Genentech's T-DM1 Stuns as Approval Creeps Up
Published: Oct 10, 2012
"We are extremely pleased that the new data from the EMILIA study showed people receiving trastuzumab emtansine survived longer than those who received the standard of care," said Hal Barron, M.D., chief medical officer and head, Global Product Development. “We are continuing to work with regulatory authorities to bring this innovative medicine, which significantly improved both progression-free survival and overall survival, to people with HER2-positive metastatic breast cancer as soon as possible.”
These updated survival results from the EMILIA study will be presented at the ESMO 2012 Congress (European Society for Medical Oncology) (Abstract #LBA12, Monday, October 1, 2012, 2:10pm CEST) by Dr. Sunil Verma, Sunnybrook Regional Cancer Center, University of Toronto, Canada. Data from the EMILIA study has also been published today in the online edition of the New England Journal of Medicine.
Genentech has submitted a Biologics License Application (BLA) for trastuzumab emtansine to the U.S. Food and Drug Administration (FDA) for use in people with HER2-positive, unresectable locally advanced or metastatic breast cancer who have received prior treatment with Herceptin and a taxane chemotherapy. Roche has submitted a Marketing Authorization Application to the European Medicines Agency (EMA) for the same indication.
Based on these updated overall survival results, people in the lapatinib and Xeloda arm of EMILIA are being offered the option to receive trastuzumab emtansine. In addition, Genentech has opened an Expanded Access Program (EAP) in the United States to provide, under certain circumstances, people with HER2-positive mBC access to trastuzumab emtansine while the company seeks regulatory approval.
About the EMILIA Study
EMILIA (TDM4370g/BO21977) is an international, Phase III, randomized, open-label study comparing trastuzumab emtansine alone to lapatinib in combination with Xeloda in 991 people with HER2-positive locally advanced or metastatic breast cancer who had previously been treated with Herceptin and a taxane chemotherapy.
The study has met both co-primary efficacy endpoints of progression-free survival (PFS, as assessed by an independent review committee) and overall survival. PFS and safety results from the EMILIA study were previously reported at the 48th Annual Meeting of the American Society of Clinical Oncology (ASCO) in June 2012 and include:
A significant improvement in the time people receiving trastuzumab emtansine (n=495) lived without their disease getting worse (PFS) compared to those who received lapatinib plus Xeloda (n=496), as assessed by independent review (HR=0.65, 35 percent reduction in risk of disease worsening or death, p<0.0001; median PFS 9.6 months vs. 6.4 months). People who received trastuzumab emtansine had a longer time before their cancer symptoms worsened (time to symptom progression; a secondary endpoint and patient-reported measure of quality of life) compared with those who received lapatinib plus Xeloda (7.1 months vs. 4.6 months; p<0.0001).
Fewer people who received trastuzumab emtansine experienced Grade 3 or higher AEs than those who received lapatinib plus Xeloda (40.8 percent vs. 57.0 percent). For people receiving trastuzumab emtansine, compared to those receiving lapatinib plus Xeloda, the most common (occurring in more than 2 percent of participants) Grade 3 or higher AEs were low platelet count (12.9 percent vs. 0.2 percent), increased levels of enzymes released by the liver and other organs (aspartate aminotransferase: 4.3 percent vs. 0.8 percent; alanine aminotransferase: 2.9 percent vs. 1.4 percent; in most people, these levels had generally returned to normal by the time of the next dose of trastuzumab emtansine) and anemia (2.7 percent vs. 1.6 percent).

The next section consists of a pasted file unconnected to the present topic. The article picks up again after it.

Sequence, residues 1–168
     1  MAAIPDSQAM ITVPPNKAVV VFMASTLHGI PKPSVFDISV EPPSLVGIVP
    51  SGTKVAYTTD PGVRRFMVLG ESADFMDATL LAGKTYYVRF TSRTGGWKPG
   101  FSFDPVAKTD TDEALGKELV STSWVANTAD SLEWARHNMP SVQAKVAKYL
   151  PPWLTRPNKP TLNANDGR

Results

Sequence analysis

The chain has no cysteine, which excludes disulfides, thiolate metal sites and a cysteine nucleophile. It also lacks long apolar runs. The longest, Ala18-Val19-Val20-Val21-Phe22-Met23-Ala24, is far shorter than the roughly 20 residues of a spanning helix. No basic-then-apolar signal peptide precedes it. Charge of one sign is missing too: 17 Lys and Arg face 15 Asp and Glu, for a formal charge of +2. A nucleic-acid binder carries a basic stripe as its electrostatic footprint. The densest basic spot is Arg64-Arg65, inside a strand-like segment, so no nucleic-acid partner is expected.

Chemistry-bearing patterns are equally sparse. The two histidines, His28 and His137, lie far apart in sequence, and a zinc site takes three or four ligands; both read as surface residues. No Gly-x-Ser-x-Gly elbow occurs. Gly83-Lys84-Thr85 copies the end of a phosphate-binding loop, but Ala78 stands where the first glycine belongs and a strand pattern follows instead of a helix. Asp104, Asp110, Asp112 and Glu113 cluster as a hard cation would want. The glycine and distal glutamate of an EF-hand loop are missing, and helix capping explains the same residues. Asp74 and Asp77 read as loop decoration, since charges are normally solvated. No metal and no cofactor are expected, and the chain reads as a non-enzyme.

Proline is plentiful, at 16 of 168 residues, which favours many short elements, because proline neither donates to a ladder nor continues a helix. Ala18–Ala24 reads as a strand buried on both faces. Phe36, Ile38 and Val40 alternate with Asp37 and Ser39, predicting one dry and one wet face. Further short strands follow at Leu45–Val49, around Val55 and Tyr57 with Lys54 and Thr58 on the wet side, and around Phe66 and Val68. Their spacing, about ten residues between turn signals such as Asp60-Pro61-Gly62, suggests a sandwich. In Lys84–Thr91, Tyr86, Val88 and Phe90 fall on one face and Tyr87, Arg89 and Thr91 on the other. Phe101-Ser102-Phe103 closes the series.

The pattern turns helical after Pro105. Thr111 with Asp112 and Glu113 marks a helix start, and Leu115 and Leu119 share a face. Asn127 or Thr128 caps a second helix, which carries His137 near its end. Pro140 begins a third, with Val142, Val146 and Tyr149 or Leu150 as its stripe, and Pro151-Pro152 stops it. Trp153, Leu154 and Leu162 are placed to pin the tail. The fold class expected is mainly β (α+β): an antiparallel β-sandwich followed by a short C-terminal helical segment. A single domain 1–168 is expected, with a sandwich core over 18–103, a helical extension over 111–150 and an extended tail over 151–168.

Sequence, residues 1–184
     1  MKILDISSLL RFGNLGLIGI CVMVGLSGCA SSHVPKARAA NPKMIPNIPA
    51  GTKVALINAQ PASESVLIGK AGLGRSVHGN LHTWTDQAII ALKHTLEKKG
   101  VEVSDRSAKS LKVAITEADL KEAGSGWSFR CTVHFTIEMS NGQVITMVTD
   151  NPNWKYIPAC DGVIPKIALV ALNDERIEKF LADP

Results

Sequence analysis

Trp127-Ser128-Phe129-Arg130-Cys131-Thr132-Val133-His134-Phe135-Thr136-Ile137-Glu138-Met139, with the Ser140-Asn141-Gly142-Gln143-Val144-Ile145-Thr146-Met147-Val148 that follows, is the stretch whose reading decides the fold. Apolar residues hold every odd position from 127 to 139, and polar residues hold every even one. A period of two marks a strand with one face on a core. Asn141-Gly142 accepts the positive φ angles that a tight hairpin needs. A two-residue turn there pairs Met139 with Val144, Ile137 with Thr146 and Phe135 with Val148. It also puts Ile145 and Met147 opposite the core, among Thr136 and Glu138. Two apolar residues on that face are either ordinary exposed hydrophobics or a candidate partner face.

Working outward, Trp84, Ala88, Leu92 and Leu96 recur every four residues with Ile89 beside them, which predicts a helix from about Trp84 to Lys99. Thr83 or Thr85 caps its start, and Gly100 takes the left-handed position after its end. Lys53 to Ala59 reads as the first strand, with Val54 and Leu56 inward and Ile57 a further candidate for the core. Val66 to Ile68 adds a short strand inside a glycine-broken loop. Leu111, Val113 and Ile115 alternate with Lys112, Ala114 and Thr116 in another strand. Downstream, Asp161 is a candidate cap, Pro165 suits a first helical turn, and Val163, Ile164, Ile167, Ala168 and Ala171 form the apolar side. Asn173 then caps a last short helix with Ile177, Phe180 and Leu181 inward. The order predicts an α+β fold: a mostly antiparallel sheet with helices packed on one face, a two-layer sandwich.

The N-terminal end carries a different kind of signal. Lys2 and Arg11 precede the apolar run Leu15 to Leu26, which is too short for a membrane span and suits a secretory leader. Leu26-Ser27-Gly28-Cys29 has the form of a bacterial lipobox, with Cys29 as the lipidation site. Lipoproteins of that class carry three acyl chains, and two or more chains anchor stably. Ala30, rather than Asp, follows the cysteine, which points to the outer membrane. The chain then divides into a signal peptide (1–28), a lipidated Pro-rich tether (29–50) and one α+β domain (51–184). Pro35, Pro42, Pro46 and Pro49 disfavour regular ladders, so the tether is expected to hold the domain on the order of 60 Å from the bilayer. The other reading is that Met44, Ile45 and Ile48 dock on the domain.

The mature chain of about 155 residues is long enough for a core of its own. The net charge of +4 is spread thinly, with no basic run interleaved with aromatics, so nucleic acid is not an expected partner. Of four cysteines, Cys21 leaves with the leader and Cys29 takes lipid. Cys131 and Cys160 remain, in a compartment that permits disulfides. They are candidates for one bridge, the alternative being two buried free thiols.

About Trastuzumab Emtansine
Trastuzumab emtansine is an antibody-drug conjugate (ADC) being studied in HER2-positive cancers. It is comprised of the antibody trastuzumab and the chemotherapy DM1 attached together using a stable linker. Trastuzumab emtansine is designed to target and inhibit HER2 signaling and deliver the chemotherapy DM1 directly inside HER2-positive cancer cells. Trastuzumab emtansine binds to the HER2-positive cancer cells and is thought to block out-of-control signals that make the cancer grow while also calling on the body's immune system to attack the cancer cells. Once trastuzumab emtansine is taken up by those cancer cells, it is designed to destroy them by releasing the DM1.
Genentech licenses technology for trastuzumab emtansine under an agreement with ImmunoGen, Inc.
Building on the results of trastuzumab emtansine studies to date, there are approximately 25 ADCs in Genentech and Roche’s pipeline.
About Breast Cancer
Breast cancer is the most common cancer among women worldwide. According to the American Cancer Society, approximately 229,000 people will be diagnosed with breast cancer, and 40,000 will die from the disease in 2012. In HER2-positive breast cancer, increased quantities of the Human Epidermal growth factor Receptor 2 (HER2) are present on the surface of the tumor cells. This is known as “HER2 positivity” and affects approximately 25 percent of people with breast cancer. HER2-positive cancer is a particularly aggressive form of breast cancer.
Founded more than 30 years ago, Genentech is a leading biotechnology company that discovers, develops, manufactures and commercializes medicines to treat patients with serious or life-threatening medical conditions. The company, a member of the Roche Group, has headquarters in South San Francisco, California. For additional information about the company, please visit http://www.gene.com.
Susan Willson, 650-467-6800
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